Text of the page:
Cervical mucus can give you an awful lot of information, but there is a learning curve to knowing what your cervical mucus is telling you. One of the most common questions asked by women who are interested in checking their cervical mucus to monitor their fertility is about the changes in mucus post-ovulation. What does cervical mucus look like after you have ovulated? How can you tell that you are no longer fertile? And how can you tell from post-ovulatory cervical mucus if you might be pregnant?
Monitoring the structure and color of cervical mucus is part of the wider routine of fertility charting. Fertility charting, also known as charting to conceive, is a natural method many women use to keep track of their ovulation, and the days prior to ovulation. It includes measuring ones basal body temperature (as shown in the chart in the picture), and recording any other natural ovulation symptoms a woman has — tender breasts, ovulation pain, or even slight abdominal bloating are some examples.
Cervical mucus can also stand alone as a way to find out more about a womans menstrual cycle. Depending on the time of the month, cervical mucus contains more or less water, and other ingredients like protein and glucose. This is reflected in the appearance of the mucus, which can be thin or thick, and stretchy or cream cheese like. You collect a mucus sample by inserting two fingers. Then what?
Lets begin by examining what cervical mucus normally looks like during ovulation. A thin, stretchy, slippery structure indicates ovulation. The color of cervical mucus during ovulation is either transparent, like a raw egg white, or white. During this point in your cycle, cervical mucus contains a high percentage of fluid. This kind of cervical mucus provides an ideal environment for sperm to reach an egg, and to survive for the longest possible time.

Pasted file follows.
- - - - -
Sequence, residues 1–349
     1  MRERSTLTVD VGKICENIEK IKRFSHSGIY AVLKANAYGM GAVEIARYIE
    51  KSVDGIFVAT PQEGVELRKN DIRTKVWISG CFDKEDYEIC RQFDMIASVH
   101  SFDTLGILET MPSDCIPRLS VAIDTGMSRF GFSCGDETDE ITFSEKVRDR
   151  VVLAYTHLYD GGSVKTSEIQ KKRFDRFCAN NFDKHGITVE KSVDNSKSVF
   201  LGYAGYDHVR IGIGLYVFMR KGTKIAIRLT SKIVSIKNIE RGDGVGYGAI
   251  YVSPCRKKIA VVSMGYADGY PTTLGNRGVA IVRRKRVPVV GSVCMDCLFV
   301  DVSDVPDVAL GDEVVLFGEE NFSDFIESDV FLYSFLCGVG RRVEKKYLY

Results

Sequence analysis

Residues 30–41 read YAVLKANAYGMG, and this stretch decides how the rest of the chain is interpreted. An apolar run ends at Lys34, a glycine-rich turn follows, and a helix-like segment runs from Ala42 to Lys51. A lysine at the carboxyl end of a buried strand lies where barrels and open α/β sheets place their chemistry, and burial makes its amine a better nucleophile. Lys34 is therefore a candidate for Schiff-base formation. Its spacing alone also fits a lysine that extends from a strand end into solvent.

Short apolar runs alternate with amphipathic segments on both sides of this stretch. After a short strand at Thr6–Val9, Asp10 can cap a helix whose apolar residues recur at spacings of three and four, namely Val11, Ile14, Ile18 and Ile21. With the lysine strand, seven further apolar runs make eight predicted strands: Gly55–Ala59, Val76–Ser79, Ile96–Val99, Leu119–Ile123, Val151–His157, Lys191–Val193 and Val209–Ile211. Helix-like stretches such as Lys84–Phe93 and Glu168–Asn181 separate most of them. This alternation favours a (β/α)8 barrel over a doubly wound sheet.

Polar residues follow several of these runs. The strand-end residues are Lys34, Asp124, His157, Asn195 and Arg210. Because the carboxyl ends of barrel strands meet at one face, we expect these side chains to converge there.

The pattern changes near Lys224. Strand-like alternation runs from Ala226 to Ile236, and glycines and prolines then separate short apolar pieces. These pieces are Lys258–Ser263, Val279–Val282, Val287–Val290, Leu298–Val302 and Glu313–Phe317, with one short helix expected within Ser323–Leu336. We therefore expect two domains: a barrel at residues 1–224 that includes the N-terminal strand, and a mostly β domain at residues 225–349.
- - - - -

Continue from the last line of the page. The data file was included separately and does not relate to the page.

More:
After your ovulation is finished, your cervical mucus will thicken and change in color. If you notice a clay-like, non-stretchy mucus that is totally white in color and not see-through in any way, you can be fairly certain that this is post-ovulatory cervical mucus. At the same time, you might feel that your vagina is drier than during ovulation. If you conceived, you might even notice implantation bleeding.
Early pregnancy cervical mucus is so similar to the cervical mucus you would normally expel during the luteal phase that monitoring the changes cant really be used as a reliable way to determine pregnancy. Some women do report that they had more cervical mucus than before during early pregnancy, but this is not the same for everyone.
What can you tell us about your experiences with this? Are you able to tell where in your cycle you are, just by looking at your cervical mucus? How do you do it?
Just like there are many methods available to women to help increase the chances of pregnancy, there are quite a few techniques that can be used to avoid conceiving as well. Natural Family Planning, NFP, is one such method. Natural Family Planning is the only contraceptive method that is approved by the Catholic Church, and it refers to periodic abstinence to avoid getting pregnant. How does it work, and when does the Vatican say this method is justified?
As all of you who have been charting to conceive, or using ovulation tests, know, women ovulate only once in their menstrual cycle, and ovulation tends to turn up roughly 14 days before the onset of menstruation is expected. Those who participate in Natural Family Planning use this fact to avoid having intercourse during their perceived most fertile days. Women are not able to conceive if they are abstinent in the first half of their cycles, during pregnancy, while they are breastfeeding (more about this in birth control after pregnancy), or after the menopause. NFP users use this knowledge to prevent pregnancy.